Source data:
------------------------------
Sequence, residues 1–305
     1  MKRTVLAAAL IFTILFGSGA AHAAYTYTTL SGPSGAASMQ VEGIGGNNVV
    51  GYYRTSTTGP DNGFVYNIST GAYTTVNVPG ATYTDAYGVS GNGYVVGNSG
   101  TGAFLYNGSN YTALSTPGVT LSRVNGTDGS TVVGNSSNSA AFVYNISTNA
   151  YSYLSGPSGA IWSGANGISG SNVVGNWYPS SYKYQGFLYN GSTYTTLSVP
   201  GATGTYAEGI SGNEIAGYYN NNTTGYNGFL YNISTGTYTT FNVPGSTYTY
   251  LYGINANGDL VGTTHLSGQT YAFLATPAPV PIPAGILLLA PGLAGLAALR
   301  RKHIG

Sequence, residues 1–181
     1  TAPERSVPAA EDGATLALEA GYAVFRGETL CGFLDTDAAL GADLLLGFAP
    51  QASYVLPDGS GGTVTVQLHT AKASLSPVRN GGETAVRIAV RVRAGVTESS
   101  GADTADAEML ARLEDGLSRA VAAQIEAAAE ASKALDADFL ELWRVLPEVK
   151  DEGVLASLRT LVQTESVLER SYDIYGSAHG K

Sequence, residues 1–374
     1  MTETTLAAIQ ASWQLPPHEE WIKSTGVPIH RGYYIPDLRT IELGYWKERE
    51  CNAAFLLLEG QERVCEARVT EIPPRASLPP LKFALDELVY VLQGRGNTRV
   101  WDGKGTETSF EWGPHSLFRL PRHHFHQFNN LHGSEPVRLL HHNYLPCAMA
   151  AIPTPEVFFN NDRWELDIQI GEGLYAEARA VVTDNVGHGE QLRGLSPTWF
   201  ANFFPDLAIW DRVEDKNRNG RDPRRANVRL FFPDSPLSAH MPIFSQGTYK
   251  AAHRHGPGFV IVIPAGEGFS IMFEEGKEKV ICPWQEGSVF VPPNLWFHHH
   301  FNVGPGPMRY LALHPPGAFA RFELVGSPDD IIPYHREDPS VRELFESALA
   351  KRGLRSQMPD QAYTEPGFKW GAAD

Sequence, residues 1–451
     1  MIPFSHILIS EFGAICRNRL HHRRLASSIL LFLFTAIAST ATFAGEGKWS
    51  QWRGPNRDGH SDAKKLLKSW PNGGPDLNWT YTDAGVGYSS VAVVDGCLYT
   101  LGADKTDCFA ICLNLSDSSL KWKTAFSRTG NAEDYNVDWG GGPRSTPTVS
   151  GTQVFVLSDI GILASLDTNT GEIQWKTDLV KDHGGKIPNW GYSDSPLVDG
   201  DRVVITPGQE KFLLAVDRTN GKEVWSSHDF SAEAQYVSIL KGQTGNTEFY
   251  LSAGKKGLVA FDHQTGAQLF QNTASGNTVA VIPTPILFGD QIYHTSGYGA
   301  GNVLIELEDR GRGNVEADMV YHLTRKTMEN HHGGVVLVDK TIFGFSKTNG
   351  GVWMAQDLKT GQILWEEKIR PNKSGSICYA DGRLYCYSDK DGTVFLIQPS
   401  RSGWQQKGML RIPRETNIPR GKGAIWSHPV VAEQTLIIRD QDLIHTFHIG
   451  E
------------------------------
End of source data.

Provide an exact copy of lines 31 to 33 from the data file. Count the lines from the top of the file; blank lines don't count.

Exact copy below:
   351  GVWMAQDLKT GQILWEEKIR PNKSGSICYA DGRLYCYSDK DGTVFLIQPS
   401  RSGWQQKGML RIPRETNIPR GKGAIWSHPV VAEQTLIIRD QDLIHTFHIG
   451  E